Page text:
As for adverse facts available (“AFA”), US Magnesium argued that Commerce did not consider whether TMM significantly impeded the proceeding by failing to include a complete and accurate translation of a Ukrainian financial statement, and therefore TMM should be given an AFA rate. despite devoting almost its entire administrative case brief arguing TMM deserved a total AFA rate, US Magnesium could only identify three apparent discrepancies within a single exhibit among the many submitted by TMM. All US Magnesium submitted to support its argument was a competing translation of the same financial statement. Thus, the court sustained Commerce’s reasonable decision to refuse to find that TMM impeded the proceeding.
While Commerce selected Philippine HTS 8104.20 (“Magnesium Waste and Scrap”) to value TMM’s scrap input in the preliminary results, it declined to use the Philippine data in the Final results. Philippine scrap surrogate data point exceeded the values of Indonesian, South African, Thai, and Colombian imports under HTS 8104.19, which covered the finished subject merchandise as well as the magnesium TMM used to produce its scrap. The Philippine scrap surrogate data point also exceeded the values of Indonesian, South African, and Thai imports for pure (99.8% or greater) unwrought magnesium under HTS 8104.11. This benchmark data rendered the Philippine scrap values unreasonable. According to Commerce, scrap should not be more valuable than both the subject merchandise and the material used to produce the scrap. Without a usable surrogate value from the primary surrogate country (Philippines), Commerce applied its standard selection criteria (specificity, contemporaneity, public availability, representativeness, and whether prices exclude taxes and duties) to the other available secondary surrogate country data on the administrative record. US Magnesium instead challenged Commerce’s use of the Serbian HTS 8104.20 data point as an unreasonable departure from past practice. According to US Magnesium, once Commerce “established a benchmark” price, it should have also selected that benchmark price as the surrogate value, i.e., “cap” the scrap value at the benchmark price. US Mag. Br. at 27-31. Thus, US Magnesium argued that Commerce should have selected the Indonesian, South African, Thai, and Colombian HTS 8104.19 data points, either individually or in some combination.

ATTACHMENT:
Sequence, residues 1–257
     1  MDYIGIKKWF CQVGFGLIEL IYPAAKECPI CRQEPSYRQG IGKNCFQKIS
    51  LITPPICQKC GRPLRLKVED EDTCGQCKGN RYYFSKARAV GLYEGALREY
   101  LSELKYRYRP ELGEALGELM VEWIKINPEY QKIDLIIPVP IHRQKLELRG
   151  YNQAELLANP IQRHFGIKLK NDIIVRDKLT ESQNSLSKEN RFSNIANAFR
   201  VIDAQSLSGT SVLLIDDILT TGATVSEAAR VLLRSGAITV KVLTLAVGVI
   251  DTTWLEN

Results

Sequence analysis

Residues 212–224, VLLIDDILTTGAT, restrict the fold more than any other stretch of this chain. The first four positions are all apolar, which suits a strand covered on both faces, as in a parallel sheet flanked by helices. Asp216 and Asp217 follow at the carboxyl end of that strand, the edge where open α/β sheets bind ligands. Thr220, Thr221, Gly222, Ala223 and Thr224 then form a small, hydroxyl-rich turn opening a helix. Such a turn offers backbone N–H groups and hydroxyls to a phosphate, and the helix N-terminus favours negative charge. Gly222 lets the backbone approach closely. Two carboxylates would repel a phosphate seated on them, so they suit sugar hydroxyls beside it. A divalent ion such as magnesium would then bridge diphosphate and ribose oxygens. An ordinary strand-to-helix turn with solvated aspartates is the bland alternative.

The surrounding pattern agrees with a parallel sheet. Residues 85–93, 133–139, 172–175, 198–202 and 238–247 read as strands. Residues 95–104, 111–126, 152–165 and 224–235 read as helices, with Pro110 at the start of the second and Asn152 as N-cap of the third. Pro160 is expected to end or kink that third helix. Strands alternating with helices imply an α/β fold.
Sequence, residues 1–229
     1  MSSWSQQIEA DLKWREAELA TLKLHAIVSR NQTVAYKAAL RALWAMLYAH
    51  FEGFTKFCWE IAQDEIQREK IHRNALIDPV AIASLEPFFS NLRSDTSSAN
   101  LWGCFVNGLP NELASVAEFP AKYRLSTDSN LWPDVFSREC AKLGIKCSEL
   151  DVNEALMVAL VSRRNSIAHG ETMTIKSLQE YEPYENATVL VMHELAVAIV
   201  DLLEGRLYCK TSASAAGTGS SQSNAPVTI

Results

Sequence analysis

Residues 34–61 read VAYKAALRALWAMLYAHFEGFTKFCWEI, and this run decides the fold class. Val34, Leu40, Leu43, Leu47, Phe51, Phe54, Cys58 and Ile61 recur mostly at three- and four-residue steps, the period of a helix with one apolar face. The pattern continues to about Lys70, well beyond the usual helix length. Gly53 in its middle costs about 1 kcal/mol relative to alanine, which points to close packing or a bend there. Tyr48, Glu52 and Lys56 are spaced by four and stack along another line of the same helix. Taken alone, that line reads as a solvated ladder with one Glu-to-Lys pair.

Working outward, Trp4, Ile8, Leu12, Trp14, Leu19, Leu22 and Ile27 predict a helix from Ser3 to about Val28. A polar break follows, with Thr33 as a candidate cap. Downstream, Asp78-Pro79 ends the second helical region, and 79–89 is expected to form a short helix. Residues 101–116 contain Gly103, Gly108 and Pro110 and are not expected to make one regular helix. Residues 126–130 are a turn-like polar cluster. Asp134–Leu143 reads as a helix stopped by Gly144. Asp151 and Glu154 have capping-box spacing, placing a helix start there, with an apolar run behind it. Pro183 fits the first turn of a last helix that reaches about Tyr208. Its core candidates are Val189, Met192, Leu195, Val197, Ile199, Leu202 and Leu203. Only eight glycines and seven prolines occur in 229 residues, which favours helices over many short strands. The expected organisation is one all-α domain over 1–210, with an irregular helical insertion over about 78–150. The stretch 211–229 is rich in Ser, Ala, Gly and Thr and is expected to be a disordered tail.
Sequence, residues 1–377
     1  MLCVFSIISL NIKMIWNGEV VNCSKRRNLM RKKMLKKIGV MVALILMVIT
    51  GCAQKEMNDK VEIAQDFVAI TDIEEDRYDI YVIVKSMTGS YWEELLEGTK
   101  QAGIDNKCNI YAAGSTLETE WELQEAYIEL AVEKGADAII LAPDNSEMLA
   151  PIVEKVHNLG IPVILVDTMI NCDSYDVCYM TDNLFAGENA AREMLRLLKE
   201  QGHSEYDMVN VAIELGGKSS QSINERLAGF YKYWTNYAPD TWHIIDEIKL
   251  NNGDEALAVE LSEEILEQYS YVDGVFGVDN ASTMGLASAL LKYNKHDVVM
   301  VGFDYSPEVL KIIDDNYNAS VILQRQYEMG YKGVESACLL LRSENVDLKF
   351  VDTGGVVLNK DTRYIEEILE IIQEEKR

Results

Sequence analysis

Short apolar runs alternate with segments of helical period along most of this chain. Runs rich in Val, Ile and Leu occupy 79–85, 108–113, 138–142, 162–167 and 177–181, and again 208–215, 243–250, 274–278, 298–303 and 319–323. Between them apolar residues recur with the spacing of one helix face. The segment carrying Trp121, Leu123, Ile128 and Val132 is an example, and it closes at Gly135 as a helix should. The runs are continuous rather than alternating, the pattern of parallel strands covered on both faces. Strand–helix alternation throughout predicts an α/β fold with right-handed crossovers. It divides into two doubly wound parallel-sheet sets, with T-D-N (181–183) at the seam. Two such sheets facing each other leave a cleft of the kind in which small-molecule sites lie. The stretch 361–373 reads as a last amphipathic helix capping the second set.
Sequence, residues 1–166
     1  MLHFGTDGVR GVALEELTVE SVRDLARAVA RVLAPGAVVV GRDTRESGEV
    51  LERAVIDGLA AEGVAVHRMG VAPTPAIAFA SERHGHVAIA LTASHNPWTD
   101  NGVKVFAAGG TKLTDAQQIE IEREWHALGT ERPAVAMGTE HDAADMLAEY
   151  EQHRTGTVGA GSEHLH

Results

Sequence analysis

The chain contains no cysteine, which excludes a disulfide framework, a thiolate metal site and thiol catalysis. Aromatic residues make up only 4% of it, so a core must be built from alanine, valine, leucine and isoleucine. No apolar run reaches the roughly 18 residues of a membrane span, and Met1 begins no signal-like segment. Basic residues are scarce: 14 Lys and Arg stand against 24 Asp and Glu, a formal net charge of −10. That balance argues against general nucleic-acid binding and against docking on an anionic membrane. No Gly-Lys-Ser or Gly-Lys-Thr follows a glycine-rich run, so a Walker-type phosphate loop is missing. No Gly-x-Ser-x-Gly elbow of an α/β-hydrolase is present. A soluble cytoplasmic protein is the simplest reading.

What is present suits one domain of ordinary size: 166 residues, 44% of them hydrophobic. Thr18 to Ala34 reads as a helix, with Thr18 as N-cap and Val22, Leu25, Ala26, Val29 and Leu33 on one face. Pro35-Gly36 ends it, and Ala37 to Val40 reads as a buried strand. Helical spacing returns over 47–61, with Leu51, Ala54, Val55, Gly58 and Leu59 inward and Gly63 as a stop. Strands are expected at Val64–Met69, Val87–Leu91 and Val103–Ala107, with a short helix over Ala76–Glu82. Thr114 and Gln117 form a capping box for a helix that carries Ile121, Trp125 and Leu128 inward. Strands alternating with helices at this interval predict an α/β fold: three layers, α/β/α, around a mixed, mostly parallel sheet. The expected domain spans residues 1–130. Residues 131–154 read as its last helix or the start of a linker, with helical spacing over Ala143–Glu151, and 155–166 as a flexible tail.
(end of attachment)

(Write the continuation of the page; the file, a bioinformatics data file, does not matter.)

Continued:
Commerce acknowledged that its recent practice “is to continue to utilize the scrap value in question as the [surrogate value], but to cap this value at the price of the primary product.” However, Commerce does not use a cap in all instances. If Commerce does “cap” a surrogate scrap value, Commerce uses the cap value in place of the unreasonable scrap surrogate value. As Commerce explained, “because the instant record lack[ed] a value for finished unwrought magnesium from the Philippines from which an appropriate cap may be determined (i.e., Philippine price data for imports of HTS 8104.19),” it was unable to cap the SV in question and must instead look to the other available SV information on the record. This therefore was not a circumstance, as US Magnesium contends, in which Commerce unreasonably departed from past practice, but instead a circumstance in which Commerce attempted to identify the “best available information” for TMM’s scrap surrogate given a lack of available usable data from the primary surrogate country. 19 U.S.C. § 1677b(c)(1).
US Magnesium also argued that Commerce failed to explain why imports under Serbian HTS are specific to TMM’s scrap, which, according to US Magnesium, was a necessary finding because that provision is a basket category that may include imports of lower-quality and lower-priced scrap. If US Magnesium believed Serbian HTS 8104.20 was a poor choice, US Magnesium should have developed the administrative record with information substantiating its inference that the Serbian scrap provision contains lots of low-quality, non-comparable scrap. Because Commerce provided a reasonable explanation for its selection criteria, as well as for its reasons not to use a cap, the court sustained Commerce’s selection of Serbian HTS 8104.20 to value TMM’s scrap input.